Germany are still alive.
For 90 minutes, during which the four-time world champions were recurrently outclassed, outmaneuvered and almost overwhelmed by Spain, Hansi Flick’s side clung to their belief in World Cup survival.
Even when losing by 1-0 with only a few minutes left to play, when the pressure might have been too great, there was a firm strand of faith that ran through Germany and defied all the odds – they are here to stay.
German fans had prepared themselves for the worst. Their uncharacteristically lackluster team were staring down the barrel of a second successive group stage exit after crashing to a shock 2-1 loss to Japan in the opener. Next up for them were European giants Spain, who had shown off their formidable attacking prowess by annihilating Costa Rica 7-0 in one of the most one-sided games in the tournament’s history.
Their hearts sank when Spain striker Alvaro Morata’s deft finish on the hour mark had Germany on course to witness their Qatar campaign end in ignominy. No side have ever lost their first two ties at a World Cup and still managed to reach the knockout stages.
The vultures were circling and the onus was patently on Germany to take a do-or-die step back from the edge of the abyss. That’s when Niclas Fullkrug, an unlikely savior from Werder Bremen, stepped into the breach.
As recently as last season, the 29-year-old striker was not even a top-flight footballer. He just became the oldest player to make his full debut for Germany in 20 years when he came on as a substitute against Japan a few days ago.
However, with only seven minutes to go in just his second competitive game for the national team, he combined with the electric Jamal Musiala to lash an unstoppable effort high past Spain goalkeeper Unai Simon and offered Germany a precious point and a much-needed lifeline.”We really wanted to pull back, that was very important for the feelings in the camp,” Fuellkrug told reporters afterwards. “We still have room for improvement, but we can hope that everything turns out well in the final game.”They still need to defeat Costa Rica on Thursday and hope Japan do not spring another shock against Spain, but the significance of Fuellkrug’s goal cannot be underestimated. Had Spain won, La Roja could have afforded to rest their first-choice stars and pick a second-string team in their clash with Japan. And then any dropped points would have seen the Flick’s side knocked out.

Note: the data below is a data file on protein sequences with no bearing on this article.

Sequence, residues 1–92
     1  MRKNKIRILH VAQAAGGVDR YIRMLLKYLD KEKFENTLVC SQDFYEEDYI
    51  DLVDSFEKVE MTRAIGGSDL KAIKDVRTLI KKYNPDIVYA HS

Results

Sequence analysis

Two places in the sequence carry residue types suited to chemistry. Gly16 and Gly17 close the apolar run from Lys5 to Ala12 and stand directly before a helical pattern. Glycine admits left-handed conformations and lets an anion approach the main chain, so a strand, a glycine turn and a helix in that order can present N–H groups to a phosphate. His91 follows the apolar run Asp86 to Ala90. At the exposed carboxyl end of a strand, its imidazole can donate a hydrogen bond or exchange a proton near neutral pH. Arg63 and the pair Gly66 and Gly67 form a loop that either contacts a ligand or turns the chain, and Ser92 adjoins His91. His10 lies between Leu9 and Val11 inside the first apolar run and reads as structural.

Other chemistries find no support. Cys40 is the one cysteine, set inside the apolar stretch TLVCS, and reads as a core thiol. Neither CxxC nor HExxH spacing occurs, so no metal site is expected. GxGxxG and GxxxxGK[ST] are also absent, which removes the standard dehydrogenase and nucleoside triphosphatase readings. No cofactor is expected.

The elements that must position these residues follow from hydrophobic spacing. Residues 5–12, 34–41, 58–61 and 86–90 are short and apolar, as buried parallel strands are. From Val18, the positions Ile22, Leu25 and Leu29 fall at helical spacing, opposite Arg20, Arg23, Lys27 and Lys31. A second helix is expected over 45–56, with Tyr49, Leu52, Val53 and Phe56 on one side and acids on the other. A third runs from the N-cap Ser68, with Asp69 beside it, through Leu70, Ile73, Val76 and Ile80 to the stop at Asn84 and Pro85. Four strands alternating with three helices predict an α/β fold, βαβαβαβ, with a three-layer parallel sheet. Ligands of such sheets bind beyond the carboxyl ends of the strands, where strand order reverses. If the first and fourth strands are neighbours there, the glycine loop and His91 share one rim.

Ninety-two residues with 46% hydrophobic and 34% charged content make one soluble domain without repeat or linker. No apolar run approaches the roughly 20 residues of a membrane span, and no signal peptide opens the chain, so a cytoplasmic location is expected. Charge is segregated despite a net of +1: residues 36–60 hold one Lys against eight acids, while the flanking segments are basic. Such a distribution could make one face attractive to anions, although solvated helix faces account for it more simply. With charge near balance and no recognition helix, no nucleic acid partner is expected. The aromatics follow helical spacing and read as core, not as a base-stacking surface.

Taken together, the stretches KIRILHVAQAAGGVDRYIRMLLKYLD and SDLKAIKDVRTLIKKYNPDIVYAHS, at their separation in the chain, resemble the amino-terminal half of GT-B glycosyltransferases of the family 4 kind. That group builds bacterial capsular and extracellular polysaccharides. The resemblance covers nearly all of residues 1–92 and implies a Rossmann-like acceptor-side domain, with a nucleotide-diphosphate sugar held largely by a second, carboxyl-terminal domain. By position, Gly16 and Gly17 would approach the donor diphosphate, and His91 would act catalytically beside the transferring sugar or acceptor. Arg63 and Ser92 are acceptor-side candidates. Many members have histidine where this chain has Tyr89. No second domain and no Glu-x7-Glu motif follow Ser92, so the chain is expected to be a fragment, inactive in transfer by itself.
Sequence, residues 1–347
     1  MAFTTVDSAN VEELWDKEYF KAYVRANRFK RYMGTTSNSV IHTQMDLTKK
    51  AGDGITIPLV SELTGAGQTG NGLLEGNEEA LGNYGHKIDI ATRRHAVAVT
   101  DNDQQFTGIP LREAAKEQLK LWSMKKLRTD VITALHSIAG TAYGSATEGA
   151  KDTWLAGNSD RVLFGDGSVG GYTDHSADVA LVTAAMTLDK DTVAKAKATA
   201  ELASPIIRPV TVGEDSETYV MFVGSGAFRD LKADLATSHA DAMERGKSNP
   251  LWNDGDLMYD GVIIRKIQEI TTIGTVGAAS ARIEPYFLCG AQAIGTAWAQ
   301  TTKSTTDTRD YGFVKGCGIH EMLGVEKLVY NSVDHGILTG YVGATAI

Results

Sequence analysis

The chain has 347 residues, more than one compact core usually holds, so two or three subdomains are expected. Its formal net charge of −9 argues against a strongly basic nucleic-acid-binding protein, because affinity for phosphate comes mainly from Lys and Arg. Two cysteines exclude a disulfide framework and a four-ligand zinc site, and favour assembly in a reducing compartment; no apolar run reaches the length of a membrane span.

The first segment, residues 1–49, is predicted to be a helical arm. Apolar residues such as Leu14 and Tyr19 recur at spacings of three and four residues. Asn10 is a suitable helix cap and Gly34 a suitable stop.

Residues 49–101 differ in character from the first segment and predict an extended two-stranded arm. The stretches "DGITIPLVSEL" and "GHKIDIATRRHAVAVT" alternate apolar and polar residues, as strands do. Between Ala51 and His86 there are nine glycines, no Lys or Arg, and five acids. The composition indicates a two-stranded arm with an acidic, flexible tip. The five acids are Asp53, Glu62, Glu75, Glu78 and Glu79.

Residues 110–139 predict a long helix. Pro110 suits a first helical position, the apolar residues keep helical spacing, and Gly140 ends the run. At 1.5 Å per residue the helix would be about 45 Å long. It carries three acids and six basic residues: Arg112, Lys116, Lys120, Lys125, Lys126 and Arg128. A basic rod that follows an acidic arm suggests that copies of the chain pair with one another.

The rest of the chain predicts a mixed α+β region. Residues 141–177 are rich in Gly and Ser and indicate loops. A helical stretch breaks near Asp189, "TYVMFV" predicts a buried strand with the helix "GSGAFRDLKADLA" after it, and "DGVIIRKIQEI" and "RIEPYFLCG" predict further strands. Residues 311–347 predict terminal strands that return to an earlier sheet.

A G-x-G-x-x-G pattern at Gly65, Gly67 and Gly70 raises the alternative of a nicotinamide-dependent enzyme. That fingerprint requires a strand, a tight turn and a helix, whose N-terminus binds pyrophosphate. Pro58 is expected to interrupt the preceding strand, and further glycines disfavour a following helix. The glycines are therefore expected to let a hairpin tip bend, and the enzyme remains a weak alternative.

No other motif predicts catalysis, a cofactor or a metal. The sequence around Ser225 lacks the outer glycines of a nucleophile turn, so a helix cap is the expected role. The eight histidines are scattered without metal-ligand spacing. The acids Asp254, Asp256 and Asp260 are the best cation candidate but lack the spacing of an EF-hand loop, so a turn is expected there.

“We are very happy that Niclas [Fuellkrug] showed us his determination and how to score goals,” Flick told a press conference. “He gives lots to the team, not only goals, but is also a very good boy, he has his heart in the right place and we are very happy to have him.”
Though Fuellkrug was the man who scored the vital goal, it was Flick’s tactical acumen that had played a huge part in making it happen. The former Bayern Munich boss ditched the experiment with playing Thomas Muller through the middle and sent on Leroy Sane and Fuellkrug to inject impetus. It made all the difference for the struggling side.
Flick was also rewarded for fielding Thilo Kehrer at right back and moving Niklas Sule to center-back. The new set-up offered more defensive solidity as they frustrated their opponents for large periods. Spain’s brilliant passage of play conducted by Sergio Busquets, Gavi and Pedri was easy on the eye, but they could not find a breakthrough in the face of a spirited efforts from the German defensive contingent.
“We knew what it was all about and what was at stake,” Flick declared. “We saw a Spanish team that knows how to play… Things start to develop when you start to win so maybe this will give us a boost to give us the self-confidence to score goals.
“We know that this was just the first step, and in the next match against Costa Rica we want to create the conditions so that we can go through to the round of 16.”
Though Germany are still the only team in their group to not yet pick up a World Cup win so far, the scent of implausible turnaround is in their nostrils. Their fate is no longer in their own hands in Qatar, but they would die another day.
This article is originally published at cgtn.com